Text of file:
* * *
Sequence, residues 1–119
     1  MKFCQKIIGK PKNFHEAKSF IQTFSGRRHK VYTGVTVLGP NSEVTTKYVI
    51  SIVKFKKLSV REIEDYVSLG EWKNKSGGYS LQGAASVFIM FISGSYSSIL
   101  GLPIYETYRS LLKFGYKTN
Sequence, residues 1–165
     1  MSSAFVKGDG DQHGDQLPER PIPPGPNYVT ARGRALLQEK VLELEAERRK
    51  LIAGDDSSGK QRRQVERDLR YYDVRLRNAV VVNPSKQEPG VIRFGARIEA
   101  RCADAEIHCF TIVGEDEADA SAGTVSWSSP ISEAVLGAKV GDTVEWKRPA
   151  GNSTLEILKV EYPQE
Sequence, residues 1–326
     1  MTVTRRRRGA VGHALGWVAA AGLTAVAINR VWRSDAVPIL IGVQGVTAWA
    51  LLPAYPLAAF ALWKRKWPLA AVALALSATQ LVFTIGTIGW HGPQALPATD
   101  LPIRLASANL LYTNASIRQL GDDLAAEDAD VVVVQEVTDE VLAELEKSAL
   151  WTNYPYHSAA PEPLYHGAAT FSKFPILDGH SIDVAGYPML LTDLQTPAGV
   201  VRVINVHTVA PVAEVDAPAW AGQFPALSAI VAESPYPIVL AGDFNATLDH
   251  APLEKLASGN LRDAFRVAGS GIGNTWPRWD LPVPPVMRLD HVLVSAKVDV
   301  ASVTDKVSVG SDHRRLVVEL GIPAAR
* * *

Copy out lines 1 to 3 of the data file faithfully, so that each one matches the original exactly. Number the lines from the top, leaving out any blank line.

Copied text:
Sequence, residues 1–119
     1  MKFCQKIIGK PKNFHEAKSF IQTFSGRRHK VYTGVTVLGP NSEVTTKYVI
    51  SIVKFKKLSV REIEDYVSLG EWKNKSGGYS LQGAASVFIM FISGSYSSIL